Custom Search 1

Get rich quick culture hurting Brits, says MP

CASH CULTURE: Shadow Health Minister Diane Abbott says consumerism is hurting Britons

A “GET rich or die trying” culture helped fuel recent riots and the banking crisis, an MP claims.

Writing in the Huffington Post, London MP Diane Abbott said: “There is an adrenaline-based get rich or die trying culture that was the fuel for both the banking crisis, and for some of the riots on our streets.”

The Hackney and Stoke Newington MP, who called for curfews as rioters looted and destroyed shops and vehicles in early August, also said Britain had failed many of its youngsters and urban communities. She said many people have been left without hope.


“Britain is failing to provide many of our most precious urban communities with meaningful occupations and hope for the future,” the Shadow Health Minister continued.

“For many people who were rioting, that week was a rejection of the future that was laid out for them.”

Drawing a comparison between the bankers and the recent riots, the parliamentary veteran wrote: “Bankers (who) dragged the economy into recession made the same misjudgments and miscalculations as those people who took to the streets to drag the country into despair.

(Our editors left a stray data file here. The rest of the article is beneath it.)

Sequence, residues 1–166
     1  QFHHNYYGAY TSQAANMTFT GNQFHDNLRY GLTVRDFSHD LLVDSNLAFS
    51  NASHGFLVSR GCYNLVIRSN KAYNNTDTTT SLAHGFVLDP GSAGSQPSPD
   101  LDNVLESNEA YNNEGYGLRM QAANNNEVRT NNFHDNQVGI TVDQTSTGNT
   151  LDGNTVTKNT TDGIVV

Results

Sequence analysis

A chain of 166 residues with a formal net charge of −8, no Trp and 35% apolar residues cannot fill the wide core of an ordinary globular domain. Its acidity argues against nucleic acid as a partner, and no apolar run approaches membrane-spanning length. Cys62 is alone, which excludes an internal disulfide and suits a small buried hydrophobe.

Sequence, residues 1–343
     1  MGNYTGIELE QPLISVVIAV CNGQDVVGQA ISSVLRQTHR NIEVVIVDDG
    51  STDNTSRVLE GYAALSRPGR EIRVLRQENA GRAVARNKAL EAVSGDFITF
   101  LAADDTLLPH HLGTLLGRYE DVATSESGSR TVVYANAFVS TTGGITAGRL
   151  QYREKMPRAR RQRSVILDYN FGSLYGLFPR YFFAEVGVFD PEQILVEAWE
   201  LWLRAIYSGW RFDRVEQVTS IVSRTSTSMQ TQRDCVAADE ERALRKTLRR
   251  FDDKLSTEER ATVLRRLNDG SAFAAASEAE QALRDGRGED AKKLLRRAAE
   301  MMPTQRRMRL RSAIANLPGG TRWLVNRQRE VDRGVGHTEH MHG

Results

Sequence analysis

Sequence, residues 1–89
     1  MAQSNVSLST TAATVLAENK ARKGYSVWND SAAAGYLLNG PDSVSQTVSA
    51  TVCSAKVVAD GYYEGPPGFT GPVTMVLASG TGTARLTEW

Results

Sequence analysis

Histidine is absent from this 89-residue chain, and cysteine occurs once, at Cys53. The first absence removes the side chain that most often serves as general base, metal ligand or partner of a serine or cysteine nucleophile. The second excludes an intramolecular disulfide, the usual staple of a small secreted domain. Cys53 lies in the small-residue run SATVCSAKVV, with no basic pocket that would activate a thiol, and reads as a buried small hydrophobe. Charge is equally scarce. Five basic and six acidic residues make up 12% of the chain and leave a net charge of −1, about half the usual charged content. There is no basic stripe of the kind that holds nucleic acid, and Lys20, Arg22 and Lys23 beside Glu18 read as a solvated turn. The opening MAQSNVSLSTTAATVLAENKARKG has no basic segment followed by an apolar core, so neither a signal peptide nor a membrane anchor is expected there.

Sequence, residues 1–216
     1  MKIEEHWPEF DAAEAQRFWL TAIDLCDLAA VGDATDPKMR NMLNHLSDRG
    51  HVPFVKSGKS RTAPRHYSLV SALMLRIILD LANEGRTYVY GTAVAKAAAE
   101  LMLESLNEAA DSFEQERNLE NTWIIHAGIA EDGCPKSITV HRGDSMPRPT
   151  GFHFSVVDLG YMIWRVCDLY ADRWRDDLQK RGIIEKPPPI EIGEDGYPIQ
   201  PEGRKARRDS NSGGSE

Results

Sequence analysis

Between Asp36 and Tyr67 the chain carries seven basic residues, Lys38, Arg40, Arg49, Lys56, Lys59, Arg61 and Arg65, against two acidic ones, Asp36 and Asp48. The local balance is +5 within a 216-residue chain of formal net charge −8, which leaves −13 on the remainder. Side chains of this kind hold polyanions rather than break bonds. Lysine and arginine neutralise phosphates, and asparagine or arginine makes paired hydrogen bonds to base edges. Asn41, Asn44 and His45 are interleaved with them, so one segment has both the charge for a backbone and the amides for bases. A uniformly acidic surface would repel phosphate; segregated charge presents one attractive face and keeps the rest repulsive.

“In many cases, both groups believed that they had found a short cut to wealth in the face of a rapidly changing economy. Tragically, both made the awful miscalculation that there would be no consequences.”

She added that rampant consumerism was hurting everyday Britons.

“It is mass consumerism and aspects of our media that has eroded and replaced many of the social structures that the communities grew out of – relentless advertising, MTV and instant messaging has often seemingly replaced family networks, educational commitments and community gatherings.”

The riots started on August 6 in an explosion of anger following the Metropolitan Police’s fatal shooting of Mark Duggan, a 29-year-old man from Tottenham in north London.

Subscribe to The Voice database!

We'd like to keep in touch with you regarding our daily newsletter, Voice competitions, promotions and marketing material and to further increase our reach with The Voice readers.

If interested, please click the below button to complete the subscription form.

We will never sell your data and will keep it safe and secure.

For further details visit our privacy policy.

You have the right to withdraw at any time, by clicking 'Unsubscribe'.

Facebook Comments